However imbued Cardenal's verse may be with philosophy and politics in the first part of his career, the relationship of the poet to the world as the arena of social struggle and change is problematic. Although he currently affirms for himself the role of the socially committed prophet-activist, this is a view of his vocation into which Cardenal has evolved. I will...
(The entire section is 5637 words.)
SOURCE: Valdés, Jorge H. “The Evolution of Cardenal's Prophetic Poetry.” Latin American Literary Review 11, no. 23 (fall–winter 1983): 25–40.
[In the following essay, Valdés examines the development of the theme of prophesy throughout Cardenal's poetry.]
In a frequently-cited interview with Ronald Christ in 1974, Ernesto Cardenal, when asked about his guiding esthetic, maintained that his later poetry, «is above all prophecy in the Biblical sense of guidance.»1 Guidance, he added, is based on «‘wisdom’—in the Biblical sense of wisdom, in the sense the prophets gave to the word.»2 Although he does not say so, Cardenal's prophetic poetry shows that wisdom is based on either a faith in God, a knowledge of history, or both. In characterizing prophecy as guidance based on wisdom, Cardenal casts aside the sense in which the word means a prediction of singular happenings with little or no value as a guide to our actions. Instead, he embraces a notion of prophecy that is both pragmatic and didactic; in his own words, prophetic poetry is that which seeks and prescribes «the solution for our problems, a poetry that serves for something in the construction of a new society.»3 Cardenal's poetry indicates that by «solution» he does not mean guidance in the negative sense of merely predicting the end of our present civilization but in the positive sense of...
(The entire section is 6224 words.)
SOURCE: Elias, Edward. “Prophecy of Liberation: The Poetry of Ernesto Cardenal.” In Poetic Prophecy in Western Literature, edited by Jan Wojcik and Raymond-Jean Frontain, pp. 174–85. London: Associated University Presses, 1984.
[In the following essay, Elias discusses the themes of religion and political struggle as expressed through Cardenal's focus on prophecy and Latin-American history in his poetry.]
Ernesto Cardenal, poet and priest born in Nicaragua in 1925, has used his art to speak for the liberation of politically and economically oppressed peoples of the world, particularly those of Latin America. During his entire adult life, Cardenal has been committed to social action in one form or another, for many years waging a verbal campaign against the Somoza dictatorship.
Certain significant details emerge upon considering the poetic masks and the type of discourse adopted by the Nicaraguan poet in his various works. Whether he appears as a contemporary to the Mayan chilam or as one of the common songbirds of Nicaragua in Canto Nacional, Cardenal chooses an identity that is indigenous to the people and their terrain; his poetic masks are those of the common individual or species, even though these individuals may be such that they stand out among their peers because of their specialized calling. It is their job to proclaim, to announce, to shock others into...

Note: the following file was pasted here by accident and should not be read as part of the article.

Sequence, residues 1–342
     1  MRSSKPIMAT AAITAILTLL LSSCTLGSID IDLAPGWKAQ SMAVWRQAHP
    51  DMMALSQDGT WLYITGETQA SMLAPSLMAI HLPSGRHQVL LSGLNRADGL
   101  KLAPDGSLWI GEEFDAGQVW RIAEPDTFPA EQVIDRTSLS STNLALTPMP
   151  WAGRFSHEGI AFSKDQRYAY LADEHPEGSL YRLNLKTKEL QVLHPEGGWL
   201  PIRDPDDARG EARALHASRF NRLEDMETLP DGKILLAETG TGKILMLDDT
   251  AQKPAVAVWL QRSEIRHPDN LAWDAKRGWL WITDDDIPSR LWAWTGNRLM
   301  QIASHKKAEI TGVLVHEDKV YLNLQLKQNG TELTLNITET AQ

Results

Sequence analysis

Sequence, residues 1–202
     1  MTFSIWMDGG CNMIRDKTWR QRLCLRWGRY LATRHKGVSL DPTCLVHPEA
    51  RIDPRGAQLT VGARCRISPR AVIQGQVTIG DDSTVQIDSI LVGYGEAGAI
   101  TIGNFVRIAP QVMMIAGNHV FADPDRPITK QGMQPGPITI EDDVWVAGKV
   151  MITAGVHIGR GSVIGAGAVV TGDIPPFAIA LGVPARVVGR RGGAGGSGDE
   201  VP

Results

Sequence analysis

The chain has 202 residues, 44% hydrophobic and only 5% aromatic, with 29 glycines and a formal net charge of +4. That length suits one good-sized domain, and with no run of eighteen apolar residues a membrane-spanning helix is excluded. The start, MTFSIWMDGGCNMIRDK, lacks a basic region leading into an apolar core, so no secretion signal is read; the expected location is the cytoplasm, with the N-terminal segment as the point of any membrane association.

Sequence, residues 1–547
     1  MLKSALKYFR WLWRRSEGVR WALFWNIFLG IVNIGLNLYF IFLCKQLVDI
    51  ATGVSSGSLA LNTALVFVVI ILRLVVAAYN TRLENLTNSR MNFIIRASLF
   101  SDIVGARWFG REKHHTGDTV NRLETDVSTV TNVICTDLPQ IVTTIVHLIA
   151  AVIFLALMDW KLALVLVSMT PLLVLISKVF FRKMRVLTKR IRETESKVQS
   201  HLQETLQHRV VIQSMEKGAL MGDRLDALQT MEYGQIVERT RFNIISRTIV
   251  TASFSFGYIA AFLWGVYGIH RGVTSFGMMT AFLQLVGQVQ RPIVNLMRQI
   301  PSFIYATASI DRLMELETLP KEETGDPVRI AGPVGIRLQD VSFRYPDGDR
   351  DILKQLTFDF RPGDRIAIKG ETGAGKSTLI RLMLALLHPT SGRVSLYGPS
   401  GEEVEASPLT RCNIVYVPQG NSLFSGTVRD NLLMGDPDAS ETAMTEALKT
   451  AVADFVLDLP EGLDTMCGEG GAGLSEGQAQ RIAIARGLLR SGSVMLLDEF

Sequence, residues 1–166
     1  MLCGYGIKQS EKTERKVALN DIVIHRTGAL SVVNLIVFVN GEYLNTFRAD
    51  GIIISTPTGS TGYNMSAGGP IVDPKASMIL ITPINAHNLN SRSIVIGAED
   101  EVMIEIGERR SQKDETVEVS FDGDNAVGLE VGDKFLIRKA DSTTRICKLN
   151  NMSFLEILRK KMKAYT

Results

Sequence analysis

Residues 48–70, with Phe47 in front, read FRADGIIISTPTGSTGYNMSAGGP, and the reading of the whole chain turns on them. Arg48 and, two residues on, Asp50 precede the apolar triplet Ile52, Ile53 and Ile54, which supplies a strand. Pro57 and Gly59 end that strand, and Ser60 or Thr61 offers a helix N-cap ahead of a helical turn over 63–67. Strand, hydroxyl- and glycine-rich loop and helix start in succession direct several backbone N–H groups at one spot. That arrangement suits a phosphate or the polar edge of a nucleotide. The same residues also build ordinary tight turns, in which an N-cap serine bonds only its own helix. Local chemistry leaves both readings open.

(The entire section is 6662 words.)
SOURCE: Schaefer-Rodriquez, Claudia. “Peace, Poetry, and Popular Culture: Ernesto Cardenal and the Nicaraguan Revolution.” Latin American Literary Review 13, no. 26 (July 1985): 7–18.
[In the following essay, Schaefer-Rodriguez analyzes Cardenal's response to the Nicaraguan Revolution of 1979 as it is expressed through his poetry.]
The events occurring in Nicaragua in the decade of the 1970's, particularly the revolution which finally ousted the government of Anastasio Somoza in July of 1979, attracted the attention of many, from multiple points of view. Among the various aspects which stimulated interest was that of what the response—literary and otherwise—would be of the writer and priest Ernesto Cardenal to these changes in which he himself had participated. When most readers last left Cardenal, on the eve of the revolution, the question was left open-ended1 or speculative. The crucial task now, five years later, is to pick up the historical thread and examine what has taken place since that moment and what has been Cardenal's role.
I. THE HISTORICAL MOMENT
«quién sabe Si sólo los muertos no son hombres de transición»
[who knows If only the dead are not men of transition]
Roberto Fernández Retmar
Cardenal's critical consciousness of the problems and contradictions in Nicaraguan...
(The entire section is 5046 words.)
SOURCE: Cardenal, Ernesto, and Margaret Randall. “Talking with Ernesto Cardenal.” Fiction International 16, no. 2 (summer/fall 1986): 47–60.
[In the following interview, Cardenal discusses his literary influences, his religious conversion, and his views on Nicaraguan politics.]
Ernesto Cardenal has become a legend in his lifetime. More important, he has been a prophet in his land: the first Nicaraguan priest to join the struggle of the Sandinista National Liberation Front (FSLN), back in the late sixties.